Global jazz icon Abdullah Ibrahim charmed an early morning crowd at Church Square when he performed some of his favourite pieces.
Global jazz icon Abdullah Ibrahim charmed an early morning crowd at Church Square when he performed some of his favourite pieces.
He drew a large audience.     MATTHEW VAN SCHALKWYK
He drew a large audience. MATTHEW VAN SCHALKWYK
Cape Town - He was recently named one of the Jazz Masters of 2019.

A fitting title for his dedication to the genre and a career which spans nearly 70 years and shows no signs of slowing down.

The country’s most distinguished pianist, Abdullah Ibrahim, is returning to Cape Town for two solo concerts, Water from an Ancient Well, at the Fugard Theatre on Heritage Day.

“Cape Town has a deep and vibrant heritage cosmology from the first inhabitants to the subsequent arrival of settlers from all over the world.

“Jazz is a contemporary expression of the ancient tradition of praise songs and social issues,” he said.

Ibrahim said he was finalising which songs he would be playing.

“Possibly older reworked songs, such as Krotoa.”

He would also perform some of his popular compositions as well as new compositions.

The 83-year-old said his music had evolved over the years and he was enthusiastic about the next generation.

“South Africa is producing some remarkable young musicians. Music is always changing,” he said.

He reflected on his childhood in District Six where he took his first piano lessons and attended school.

“District Six like so many of its counterparts all over South Africa was home to the gathering of traditions of cultures, brought together by their destinies into a melting pot of diversity.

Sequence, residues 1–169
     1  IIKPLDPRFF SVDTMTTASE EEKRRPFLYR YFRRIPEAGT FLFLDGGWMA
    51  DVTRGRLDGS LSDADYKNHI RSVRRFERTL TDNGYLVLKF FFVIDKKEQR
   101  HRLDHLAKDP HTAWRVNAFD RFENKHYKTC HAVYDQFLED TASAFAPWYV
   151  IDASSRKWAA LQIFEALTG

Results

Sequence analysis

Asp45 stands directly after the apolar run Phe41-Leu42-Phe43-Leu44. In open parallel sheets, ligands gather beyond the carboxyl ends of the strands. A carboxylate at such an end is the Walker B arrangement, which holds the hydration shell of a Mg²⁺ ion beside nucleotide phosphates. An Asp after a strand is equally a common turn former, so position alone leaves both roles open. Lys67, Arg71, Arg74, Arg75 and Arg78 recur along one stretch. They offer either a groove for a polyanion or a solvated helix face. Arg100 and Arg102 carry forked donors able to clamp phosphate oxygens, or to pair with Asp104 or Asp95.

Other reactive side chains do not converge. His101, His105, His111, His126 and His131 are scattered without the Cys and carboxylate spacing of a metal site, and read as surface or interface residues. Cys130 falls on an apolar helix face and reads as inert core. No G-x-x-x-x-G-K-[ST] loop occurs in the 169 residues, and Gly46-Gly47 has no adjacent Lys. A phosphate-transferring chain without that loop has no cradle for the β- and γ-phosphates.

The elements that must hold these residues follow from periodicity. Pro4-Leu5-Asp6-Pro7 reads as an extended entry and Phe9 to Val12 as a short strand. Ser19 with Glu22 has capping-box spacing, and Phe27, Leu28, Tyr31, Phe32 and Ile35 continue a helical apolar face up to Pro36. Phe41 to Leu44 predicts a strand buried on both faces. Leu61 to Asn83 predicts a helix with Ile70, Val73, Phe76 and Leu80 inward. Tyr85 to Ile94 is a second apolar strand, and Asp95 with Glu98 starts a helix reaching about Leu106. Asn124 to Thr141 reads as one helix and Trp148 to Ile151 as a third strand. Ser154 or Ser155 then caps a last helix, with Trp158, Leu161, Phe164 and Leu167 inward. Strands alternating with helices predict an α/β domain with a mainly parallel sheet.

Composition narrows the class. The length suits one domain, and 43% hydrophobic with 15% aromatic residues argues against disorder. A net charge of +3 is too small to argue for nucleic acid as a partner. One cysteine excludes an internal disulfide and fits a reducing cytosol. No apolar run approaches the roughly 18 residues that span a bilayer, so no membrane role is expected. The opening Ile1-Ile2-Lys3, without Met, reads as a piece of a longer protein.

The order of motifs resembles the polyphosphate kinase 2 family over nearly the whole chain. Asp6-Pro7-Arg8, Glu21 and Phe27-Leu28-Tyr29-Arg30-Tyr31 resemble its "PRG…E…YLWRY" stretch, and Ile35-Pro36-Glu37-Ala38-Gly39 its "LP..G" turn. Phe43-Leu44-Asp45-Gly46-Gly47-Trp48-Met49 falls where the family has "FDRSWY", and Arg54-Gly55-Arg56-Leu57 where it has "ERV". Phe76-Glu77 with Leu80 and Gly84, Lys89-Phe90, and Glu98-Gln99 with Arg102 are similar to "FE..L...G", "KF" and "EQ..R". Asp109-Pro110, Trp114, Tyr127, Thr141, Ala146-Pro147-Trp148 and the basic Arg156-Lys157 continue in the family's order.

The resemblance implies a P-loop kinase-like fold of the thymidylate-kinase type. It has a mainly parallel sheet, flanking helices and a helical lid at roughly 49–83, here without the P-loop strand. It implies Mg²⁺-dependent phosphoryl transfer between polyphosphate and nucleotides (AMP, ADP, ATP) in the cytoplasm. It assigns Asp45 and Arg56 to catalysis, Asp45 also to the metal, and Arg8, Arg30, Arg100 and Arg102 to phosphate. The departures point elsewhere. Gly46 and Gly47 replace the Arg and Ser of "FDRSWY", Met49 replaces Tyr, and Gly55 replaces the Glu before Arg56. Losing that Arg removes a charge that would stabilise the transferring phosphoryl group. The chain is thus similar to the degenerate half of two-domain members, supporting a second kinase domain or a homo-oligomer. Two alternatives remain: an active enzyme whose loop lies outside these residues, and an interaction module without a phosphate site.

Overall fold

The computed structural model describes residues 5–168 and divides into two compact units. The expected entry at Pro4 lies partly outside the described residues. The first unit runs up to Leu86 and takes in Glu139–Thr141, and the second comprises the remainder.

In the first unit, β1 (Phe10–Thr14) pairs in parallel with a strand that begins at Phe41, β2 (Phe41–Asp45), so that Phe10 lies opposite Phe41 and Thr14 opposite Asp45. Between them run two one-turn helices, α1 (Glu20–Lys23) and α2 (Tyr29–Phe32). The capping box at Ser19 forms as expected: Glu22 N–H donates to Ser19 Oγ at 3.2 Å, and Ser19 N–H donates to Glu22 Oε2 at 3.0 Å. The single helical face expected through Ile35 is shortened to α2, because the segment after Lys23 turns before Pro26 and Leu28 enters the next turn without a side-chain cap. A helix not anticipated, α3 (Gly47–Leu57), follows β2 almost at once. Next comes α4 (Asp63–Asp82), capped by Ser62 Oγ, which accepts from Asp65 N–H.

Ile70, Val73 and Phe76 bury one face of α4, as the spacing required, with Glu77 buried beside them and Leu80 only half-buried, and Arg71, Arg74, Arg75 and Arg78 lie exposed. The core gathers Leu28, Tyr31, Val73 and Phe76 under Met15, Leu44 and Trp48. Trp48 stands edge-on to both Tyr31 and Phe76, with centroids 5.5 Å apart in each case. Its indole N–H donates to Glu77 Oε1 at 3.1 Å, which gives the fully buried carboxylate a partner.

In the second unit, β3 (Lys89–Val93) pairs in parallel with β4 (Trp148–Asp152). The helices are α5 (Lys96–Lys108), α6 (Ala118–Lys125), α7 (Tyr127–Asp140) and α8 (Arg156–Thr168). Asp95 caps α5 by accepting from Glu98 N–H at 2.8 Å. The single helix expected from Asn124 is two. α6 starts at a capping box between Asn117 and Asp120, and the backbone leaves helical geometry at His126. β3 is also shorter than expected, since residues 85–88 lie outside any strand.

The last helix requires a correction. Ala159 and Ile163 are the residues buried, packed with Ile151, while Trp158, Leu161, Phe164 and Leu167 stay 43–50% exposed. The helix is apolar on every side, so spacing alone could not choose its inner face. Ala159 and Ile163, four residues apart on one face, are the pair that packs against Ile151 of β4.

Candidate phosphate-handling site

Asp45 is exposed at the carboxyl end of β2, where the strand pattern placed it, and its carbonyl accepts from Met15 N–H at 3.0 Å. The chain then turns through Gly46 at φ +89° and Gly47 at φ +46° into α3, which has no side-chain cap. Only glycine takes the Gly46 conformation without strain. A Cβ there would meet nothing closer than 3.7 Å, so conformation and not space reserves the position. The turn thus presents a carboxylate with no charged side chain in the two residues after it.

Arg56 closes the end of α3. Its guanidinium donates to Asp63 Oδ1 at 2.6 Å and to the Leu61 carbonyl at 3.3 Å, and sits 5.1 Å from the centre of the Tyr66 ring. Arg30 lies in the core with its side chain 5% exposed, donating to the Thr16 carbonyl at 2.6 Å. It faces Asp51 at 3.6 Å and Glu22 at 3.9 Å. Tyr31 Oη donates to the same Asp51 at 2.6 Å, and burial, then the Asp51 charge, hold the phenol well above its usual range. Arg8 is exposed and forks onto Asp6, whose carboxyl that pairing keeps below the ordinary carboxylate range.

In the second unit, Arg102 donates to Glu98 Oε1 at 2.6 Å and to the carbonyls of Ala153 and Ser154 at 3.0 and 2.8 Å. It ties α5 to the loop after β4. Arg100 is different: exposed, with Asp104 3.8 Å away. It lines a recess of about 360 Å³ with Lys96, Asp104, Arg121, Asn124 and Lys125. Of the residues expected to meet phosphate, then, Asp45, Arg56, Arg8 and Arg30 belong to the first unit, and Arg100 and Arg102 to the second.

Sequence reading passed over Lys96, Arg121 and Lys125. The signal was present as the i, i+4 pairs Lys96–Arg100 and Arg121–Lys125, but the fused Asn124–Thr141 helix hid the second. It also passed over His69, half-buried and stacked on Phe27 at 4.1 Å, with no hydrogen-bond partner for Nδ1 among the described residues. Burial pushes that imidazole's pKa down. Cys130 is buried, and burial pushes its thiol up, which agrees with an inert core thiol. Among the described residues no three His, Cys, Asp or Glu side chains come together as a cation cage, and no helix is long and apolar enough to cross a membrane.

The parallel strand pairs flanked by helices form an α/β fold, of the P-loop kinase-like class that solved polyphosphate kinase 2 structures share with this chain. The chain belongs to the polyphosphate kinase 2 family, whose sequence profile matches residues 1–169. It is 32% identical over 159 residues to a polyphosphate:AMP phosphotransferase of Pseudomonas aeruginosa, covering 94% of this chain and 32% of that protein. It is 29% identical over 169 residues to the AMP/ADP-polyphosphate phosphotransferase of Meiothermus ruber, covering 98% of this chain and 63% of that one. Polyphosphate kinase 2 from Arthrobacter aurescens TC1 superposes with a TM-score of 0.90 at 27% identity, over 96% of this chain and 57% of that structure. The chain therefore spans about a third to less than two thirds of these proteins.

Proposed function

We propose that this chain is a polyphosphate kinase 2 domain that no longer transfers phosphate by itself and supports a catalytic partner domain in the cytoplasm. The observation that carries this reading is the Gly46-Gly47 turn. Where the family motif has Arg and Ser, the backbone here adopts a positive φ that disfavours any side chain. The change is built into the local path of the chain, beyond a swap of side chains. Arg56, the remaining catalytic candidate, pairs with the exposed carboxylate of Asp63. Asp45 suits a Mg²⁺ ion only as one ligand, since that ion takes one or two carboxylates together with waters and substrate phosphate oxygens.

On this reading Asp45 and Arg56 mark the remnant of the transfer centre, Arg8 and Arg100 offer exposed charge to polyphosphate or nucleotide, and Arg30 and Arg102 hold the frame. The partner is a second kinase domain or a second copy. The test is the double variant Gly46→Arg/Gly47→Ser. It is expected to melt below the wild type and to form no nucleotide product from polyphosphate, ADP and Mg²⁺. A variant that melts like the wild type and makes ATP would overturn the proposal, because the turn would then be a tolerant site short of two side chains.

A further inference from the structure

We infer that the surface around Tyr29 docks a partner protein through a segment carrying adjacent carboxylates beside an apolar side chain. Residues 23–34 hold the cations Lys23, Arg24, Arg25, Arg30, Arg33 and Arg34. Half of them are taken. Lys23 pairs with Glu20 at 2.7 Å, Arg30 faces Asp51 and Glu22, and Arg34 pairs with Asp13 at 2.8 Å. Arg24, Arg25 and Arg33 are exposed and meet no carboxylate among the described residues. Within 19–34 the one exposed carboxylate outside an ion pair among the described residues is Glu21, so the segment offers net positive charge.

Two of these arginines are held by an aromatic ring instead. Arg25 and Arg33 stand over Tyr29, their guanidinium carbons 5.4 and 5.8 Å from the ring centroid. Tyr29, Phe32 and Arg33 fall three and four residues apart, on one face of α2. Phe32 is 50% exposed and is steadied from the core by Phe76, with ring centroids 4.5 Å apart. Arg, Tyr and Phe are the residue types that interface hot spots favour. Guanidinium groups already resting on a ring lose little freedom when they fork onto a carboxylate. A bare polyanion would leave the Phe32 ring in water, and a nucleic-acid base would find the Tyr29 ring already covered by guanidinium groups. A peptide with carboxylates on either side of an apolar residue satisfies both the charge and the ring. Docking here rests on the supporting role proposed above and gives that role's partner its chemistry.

“District Six was home for remarkable experiences that shaped my life and music,” he said.

After leaving Cape Town in the 1960s for New York, he briefly returned during the 1970s, before remaining exiled until the 1990s.

Even though Ibrahim is based in Europe where he regularly tours from country to country, he still calls Cape Town home.

“I never really leave Cape Town, wherever I am. Coming to do concerts in Cape Town is confirmation and a constant re-examination of the self, especially in the restructuring of the compositions that hold my individual and collective experiences,” he said.

The 2019 Jazz Masters was conferred by the National Endowment for the Arts in the US. Since 1982, the organisation has recognised artists who have made exceptional contributions to the advancement of jazz.

Ibrahim’s work will be celebrated in a ceremony at the Kennedy Centre in Washington, DC in April.

“I dedicate the award to my grandmothe, who 80 years ago sent me for piano lessons with the local school teacher in Cape Town, and to all the people and mentors who through the years have supported me.”

Ibrahim said he had no plans to retire from performing.

Weekend Argus